Cooperative Fish and Wildlife Research Units Program: Virginia
Education, Research and Technical Assistance for Managing Our Natural Resources

Virginia Project

Relating fine sediment dynamics and best management practices (BMPs) to instream habitat conditions for priority fishes and mussels in the Copper Creek drainage

July 2016 - December 2018


Participating Agencies

  • Virginia Department of Game and Inland Fisheries

The aquatic habitats in the Copper Creek drainage (CCD) are severely impacted by fine sediments, likely resulting from cattle access to streams and the reduction in riparian buffers. The CCD hosts 11 federally protected fishes and mussels. Silt loads and siltation from agriculture are the most significant threat to their persistence. Relating sediment dynamics to instream habitat conditions in the CCD is critical to identifying the habitat available for priority species and to prioritizing restoration actions. VDGIF has identified several BMPs, such as creating vegetated riparian buffers and excluding livestock from streams, as potentially contributing to recovery of imperiled species.
A spatially-explicit, calibrated watershed model of the CCD is needed to explain the effects that silt load, substrate embeddedness, and bank instability have on the distribution and abundance of priority fishes and mussels. In addition, measures of the effectiveness of BMPs in improving instream habitat conditions are needed to inform conservation actions.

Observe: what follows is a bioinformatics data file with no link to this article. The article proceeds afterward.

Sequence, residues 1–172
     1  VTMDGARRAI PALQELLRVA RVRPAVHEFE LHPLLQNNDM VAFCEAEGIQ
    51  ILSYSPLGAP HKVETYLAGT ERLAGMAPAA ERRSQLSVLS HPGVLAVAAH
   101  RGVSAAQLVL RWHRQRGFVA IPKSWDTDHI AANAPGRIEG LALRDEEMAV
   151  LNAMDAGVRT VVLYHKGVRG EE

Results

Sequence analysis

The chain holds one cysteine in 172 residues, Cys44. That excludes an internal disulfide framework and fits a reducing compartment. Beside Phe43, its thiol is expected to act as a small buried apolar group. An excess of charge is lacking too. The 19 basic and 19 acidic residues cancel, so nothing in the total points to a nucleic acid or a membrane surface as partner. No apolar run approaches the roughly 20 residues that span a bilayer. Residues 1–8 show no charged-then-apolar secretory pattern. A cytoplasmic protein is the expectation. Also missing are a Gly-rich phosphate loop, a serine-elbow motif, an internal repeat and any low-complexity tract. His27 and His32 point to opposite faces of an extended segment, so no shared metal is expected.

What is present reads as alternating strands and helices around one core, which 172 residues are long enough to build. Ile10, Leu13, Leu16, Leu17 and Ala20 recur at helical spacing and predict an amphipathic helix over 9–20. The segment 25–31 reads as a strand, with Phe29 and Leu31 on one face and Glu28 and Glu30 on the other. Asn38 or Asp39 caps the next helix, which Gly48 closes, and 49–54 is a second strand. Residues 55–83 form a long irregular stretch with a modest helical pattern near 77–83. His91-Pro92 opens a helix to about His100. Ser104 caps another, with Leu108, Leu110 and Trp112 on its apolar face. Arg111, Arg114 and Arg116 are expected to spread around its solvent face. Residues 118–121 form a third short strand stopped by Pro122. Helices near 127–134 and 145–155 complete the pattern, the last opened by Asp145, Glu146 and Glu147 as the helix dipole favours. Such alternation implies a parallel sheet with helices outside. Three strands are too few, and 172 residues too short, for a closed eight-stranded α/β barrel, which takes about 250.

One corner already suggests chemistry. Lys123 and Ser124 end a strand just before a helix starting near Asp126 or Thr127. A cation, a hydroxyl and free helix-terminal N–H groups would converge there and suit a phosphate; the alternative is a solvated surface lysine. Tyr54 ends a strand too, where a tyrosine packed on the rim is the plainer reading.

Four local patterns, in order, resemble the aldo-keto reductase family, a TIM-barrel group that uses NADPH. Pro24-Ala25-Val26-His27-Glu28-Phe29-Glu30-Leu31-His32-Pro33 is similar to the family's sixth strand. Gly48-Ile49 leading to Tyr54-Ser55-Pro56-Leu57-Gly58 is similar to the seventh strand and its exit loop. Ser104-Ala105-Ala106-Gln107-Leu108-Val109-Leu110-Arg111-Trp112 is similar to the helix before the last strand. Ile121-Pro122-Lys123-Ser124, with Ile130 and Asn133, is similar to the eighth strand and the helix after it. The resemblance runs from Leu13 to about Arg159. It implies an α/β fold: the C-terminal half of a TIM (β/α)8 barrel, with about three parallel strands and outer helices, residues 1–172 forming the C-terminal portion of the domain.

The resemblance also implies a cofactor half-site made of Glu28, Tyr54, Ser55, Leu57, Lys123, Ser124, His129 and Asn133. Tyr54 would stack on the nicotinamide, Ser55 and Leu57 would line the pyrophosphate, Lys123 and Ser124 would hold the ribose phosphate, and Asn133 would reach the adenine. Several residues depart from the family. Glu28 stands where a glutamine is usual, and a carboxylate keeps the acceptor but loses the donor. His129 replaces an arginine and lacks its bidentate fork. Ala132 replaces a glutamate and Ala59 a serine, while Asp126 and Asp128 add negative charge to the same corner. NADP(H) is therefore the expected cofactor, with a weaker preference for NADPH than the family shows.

1. Quantify expected magnitude of sediment load across the CCD using the SWAT watershed model.
2. Survey sediment dynamics and instream habitat conditions relevant to recovery of priority fishes and mussels in CCD subwatersheds.
3. Analyze relationships among watershed, reach, and instream habitat characteristics to map habitat quality in the CCD.

We conducted stratified-random field surveys of selected experimental units (e.g., subwatersheds, stream segments) to assess benthic habitat quality, focusing on measures that reflect effects of fine sediment on substrate composition, embeddedness, and streambed stability. Products developed per our objectives included:
1) a calibrated SWAT model of the CCD to be used in future conservation planning;
2) maps of sediment load threat and benthic habitat quality metrics critical to the recovery of priority fishes and mussels;
3) an investigation of the relationships between two BMP types and benthic habitat quality, and whether BMPs are associated with improvements in habitat quality (e.g., reducing sedimentation).

Our findings included four main takeaways:
1) Benthic habitat quality is low in numerous stream segments in CCD. Mainstem reaches suffer from excess fine sedimentation and streambed instability. Tributary reaches suffer most from excess fine sedimentation.
2) Sediment yield estimates suggest upland sediment supplies to stream channels in CCD are comparable to regional means.
3) Riparian zones were generally the most influential watershed component with respect to benthic habitat quality. The extent of riparian pasture was inversely related to benthic habitat quality.
4) Afforestation and cattle-exclusion BMPs were not positively related to benthic habitat quality. In the cases where BMP implementation was related most strongly to benthic habitat quality, the relations were negative (e.g. BMP deployment associated with more fine sediment).

Our findings suggest several tactics for improving benthic habitat to recover imperiled aquatic species in CCD:
(1) plan for and promote BMP investments that restore a more natural hydrologic regime and reduce sediment delivery to streams;
2) promote additional BMPs in conjunction with the widely applied fencing BMPs, so they collectively rectify agricultural impacts on benthic habitat quality;
3) target specific areas for conservation action based on the best available knowledge of instream and watershed conditions and BMP efficacy.